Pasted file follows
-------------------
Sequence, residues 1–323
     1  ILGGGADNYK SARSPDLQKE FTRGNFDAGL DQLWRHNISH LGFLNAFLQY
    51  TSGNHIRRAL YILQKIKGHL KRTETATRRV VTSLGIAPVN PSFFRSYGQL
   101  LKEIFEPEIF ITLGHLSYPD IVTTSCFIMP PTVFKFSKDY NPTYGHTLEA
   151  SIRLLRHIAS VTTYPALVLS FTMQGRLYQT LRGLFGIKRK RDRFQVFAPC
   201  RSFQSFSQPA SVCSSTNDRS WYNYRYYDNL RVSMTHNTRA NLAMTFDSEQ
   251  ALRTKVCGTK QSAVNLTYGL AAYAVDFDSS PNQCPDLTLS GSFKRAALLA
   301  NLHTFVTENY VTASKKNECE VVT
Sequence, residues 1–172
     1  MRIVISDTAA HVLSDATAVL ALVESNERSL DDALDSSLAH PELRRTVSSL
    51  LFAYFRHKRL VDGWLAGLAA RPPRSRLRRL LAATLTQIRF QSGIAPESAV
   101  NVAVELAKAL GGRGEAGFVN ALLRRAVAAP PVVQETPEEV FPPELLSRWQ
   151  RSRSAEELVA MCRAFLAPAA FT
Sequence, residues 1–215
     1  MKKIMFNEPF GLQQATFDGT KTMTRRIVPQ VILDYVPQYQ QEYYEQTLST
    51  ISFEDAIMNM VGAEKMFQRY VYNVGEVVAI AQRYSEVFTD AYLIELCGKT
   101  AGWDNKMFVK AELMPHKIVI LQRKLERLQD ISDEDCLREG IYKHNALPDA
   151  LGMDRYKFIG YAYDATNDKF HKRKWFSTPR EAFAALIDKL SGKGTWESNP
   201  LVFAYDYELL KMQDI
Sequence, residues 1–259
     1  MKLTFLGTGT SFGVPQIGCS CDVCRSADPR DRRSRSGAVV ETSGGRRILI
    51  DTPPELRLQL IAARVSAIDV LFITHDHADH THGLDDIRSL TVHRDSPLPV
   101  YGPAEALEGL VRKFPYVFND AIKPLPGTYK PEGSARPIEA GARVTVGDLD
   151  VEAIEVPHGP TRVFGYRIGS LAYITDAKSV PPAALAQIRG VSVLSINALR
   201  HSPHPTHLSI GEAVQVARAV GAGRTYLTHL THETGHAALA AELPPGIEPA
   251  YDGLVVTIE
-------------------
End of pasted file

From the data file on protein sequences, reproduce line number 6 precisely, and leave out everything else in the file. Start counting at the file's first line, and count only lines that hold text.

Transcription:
   201  RSFQSFSQPA SVCSSTNDRS WYNYRYYDNL RVSMTHNTRA NLAMTFDSEQ